Amir al-mu'minin said about Marwan ibn al-Hakam at Basrah. When Marwan was taken on the day of Jamal, he asked Hasan and Husayn (p.b.u.t.) to intercede on his behalf before Amir al-mu'minin. So they spoke to Amir al-mu'minin about him and he released him. Then they said, "O' Amir al-mu'minin he desires to swear you allegiance" Whereupon Amir al-mu'minin said:
Did he not swear me allegiance after the killing of `Uthman? Now I do not need his allegiance, because his is the hand of a Jew. If he swears me allegiance with his hand he would violate it after a short while. Well, he is to get power for so long as a dog licks his nose. He is the father of four rams (who will also rule). The people will face days through him and his sons.(1)
(1). Marwan ibn al-Hakam was the nephew (brother's son) and son-in-law of `Uthman. Due to thin body and tall stature he was known with the nickname "Khayt Batil" (the thread of wrong). When `Abd al-Malik ibn Marwan killed `Amr ibn Sa`id al-Ashdaq, his brother Yahya ibn Sa`id said:
Although his father al-Hakam ibn Abi al-`As had accepted Islam at the time of the fall of Mecca but his behaviour and activities were very painful to the Prophet. Consequently, the Prophet cursed him and his descendants and said, "Woe will befall my people from the progeny of this man." At last in view of his increasing intrigues the Prophet externed him from Medina towards the valley of Wajj (in Ta'if) and Marwan also went with him.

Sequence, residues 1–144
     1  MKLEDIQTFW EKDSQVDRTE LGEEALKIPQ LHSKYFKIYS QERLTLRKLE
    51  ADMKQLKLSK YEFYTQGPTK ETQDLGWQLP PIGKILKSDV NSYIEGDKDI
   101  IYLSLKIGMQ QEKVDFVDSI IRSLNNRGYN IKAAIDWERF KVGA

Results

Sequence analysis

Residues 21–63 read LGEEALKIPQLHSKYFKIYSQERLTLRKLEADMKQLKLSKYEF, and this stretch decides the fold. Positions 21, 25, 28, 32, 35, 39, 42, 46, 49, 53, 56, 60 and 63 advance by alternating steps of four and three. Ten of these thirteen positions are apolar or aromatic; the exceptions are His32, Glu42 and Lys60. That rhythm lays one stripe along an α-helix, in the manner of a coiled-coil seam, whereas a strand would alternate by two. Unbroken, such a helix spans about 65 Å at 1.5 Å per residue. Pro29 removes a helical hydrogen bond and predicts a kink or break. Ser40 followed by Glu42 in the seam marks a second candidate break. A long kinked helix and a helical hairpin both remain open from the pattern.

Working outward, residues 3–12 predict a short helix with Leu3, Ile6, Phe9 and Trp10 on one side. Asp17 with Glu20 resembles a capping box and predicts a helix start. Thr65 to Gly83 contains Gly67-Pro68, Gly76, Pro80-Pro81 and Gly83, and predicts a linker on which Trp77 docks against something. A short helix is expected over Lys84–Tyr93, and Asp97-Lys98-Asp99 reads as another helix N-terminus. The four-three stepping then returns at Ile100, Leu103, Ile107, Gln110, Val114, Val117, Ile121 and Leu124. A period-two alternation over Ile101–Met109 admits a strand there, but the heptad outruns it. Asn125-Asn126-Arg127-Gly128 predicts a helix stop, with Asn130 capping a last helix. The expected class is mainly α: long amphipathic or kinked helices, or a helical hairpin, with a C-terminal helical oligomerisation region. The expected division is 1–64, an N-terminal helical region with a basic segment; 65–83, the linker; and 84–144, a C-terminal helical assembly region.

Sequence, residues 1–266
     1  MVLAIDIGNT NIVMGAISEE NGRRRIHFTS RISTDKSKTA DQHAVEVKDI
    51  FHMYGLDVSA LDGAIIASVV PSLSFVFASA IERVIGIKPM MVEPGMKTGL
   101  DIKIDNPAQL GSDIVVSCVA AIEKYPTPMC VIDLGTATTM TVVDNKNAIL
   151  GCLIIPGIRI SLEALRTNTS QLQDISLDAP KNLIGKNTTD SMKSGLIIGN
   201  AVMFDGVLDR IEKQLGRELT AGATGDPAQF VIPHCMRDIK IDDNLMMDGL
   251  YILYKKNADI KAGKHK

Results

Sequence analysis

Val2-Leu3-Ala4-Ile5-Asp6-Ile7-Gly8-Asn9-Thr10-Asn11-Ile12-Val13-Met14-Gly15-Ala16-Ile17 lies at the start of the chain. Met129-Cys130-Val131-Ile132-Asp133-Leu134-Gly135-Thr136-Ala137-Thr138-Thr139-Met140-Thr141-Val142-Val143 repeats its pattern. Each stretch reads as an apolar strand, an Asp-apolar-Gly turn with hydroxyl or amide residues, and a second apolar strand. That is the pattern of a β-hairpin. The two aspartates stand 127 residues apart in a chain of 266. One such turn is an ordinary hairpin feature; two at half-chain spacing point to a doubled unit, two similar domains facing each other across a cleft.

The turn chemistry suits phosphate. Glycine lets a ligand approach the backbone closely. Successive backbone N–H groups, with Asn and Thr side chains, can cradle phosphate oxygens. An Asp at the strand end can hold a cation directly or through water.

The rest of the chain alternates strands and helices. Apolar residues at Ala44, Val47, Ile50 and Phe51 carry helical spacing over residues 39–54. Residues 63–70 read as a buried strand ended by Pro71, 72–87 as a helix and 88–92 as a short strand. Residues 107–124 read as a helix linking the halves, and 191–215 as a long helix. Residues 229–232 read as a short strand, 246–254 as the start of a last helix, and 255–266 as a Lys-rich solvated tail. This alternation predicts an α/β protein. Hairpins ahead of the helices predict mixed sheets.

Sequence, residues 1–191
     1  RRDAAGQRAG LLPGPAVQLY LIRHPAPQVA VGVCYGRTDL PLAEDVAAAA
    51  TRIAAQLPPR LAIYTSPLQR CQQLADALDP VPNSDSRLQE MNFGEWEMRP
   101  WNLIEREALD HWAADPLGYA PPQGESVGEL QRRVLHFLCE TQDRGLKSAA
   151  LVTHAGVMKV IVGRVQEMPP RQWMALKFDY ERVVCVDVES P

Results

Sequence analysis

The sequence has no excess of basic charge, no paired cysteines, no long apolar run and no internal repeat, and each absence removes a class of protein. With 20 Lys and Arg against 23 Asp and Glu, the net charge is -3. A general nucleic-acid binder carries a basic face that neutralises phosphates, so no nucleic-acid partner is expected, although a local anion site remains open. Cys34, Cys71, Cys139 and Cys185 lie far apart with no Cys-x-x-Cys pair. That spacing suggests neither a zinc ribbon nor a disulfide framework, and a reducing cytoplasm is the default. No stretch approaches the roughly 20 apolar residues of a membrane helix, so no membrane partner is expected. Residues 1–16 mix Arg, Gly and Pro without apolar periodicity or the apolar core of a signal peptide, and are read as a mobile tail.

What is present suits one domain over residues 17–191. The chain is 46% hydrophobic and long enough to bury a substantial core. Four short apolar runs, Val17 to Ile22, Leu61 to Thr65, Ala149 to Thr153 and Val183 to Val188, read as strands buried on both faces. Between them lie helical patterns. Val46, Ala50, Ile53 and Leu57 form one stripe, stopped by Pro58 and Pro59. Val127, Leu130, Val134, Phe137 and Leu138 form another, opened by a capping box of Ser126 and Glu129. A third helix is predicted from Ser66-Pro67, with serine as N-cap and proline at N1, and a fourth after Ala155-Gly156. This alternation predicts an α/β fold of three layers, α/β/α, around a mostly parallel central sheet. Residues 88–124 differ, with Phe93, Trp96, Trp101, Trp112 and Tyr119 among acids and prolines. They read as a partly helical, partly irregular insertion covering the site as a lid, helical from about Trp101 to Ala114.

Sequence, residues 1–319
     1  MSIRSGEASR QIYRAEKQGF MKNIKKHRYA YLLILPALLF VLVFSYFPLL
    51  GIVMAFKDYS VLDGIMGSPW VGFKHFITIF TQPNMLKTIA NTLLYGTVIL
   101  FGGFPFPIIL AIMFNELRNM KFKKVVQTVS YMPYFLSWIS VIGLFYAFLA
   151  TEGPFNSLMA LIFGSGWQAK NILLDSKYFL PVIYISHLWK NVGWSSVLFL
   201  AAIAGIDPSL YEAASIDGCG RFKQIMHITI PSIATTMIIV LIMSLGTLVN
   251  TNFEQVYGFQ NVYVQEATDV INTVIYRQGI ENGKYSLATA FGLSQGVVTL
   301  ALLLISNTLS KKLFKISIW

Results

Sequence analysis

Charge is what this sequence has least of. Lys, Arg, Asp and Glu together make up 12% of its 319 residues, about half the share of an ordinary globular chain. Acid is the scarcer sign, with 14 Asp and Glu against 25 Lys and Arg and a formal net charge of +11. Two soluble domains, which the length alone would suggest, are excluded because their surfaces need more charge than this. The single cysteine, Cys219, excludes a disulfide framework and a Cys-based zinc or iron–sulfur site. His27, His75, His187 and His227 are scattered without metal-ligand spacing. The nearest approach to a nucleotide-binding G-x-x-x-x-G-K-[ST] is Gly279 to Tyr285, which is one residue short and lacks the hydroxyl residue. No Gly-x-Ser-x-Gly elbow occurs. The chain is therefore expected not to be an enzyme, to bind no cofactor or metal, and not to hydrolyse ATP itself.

Prophet did not thereafter allow them entry in Medina all his life. Abu Bakr and `Umar did likewise, but `Uthman sent for both of them during his reign, and raised Marwan to such height as though the reins of caliphate rested in his hands.
Thereafter his circumstances became so favourable that on the death of Mu`awiyah ibn Yazid he became the Caliph of the Muslims.
But he had just ruled only for nine months and eighteen days that death overtook him in such a way that his wife sat with the pillow on his face and did not get away till he breathed his last.
The four sons to whom Amir al-mu'minin has referred were the four sons of `Abd al-Malik ibn Marwan namely al-Walid, Sulayman, Yazid and Hisham, who ascended the Caliphate one after the other and coloured the pages of history with their stories.
Some commentators have regarded this reference to Marwan's own sons whose names are `Abd al-Malik, `Abd al-`Aziz, Bishr and Muhammad. Out of these `Abd al-Malik did become Caliph of Islam but `Abd al-`Aziz became governor of Egypt, Bishr of Iraq and Muhammad of al-Jazirah.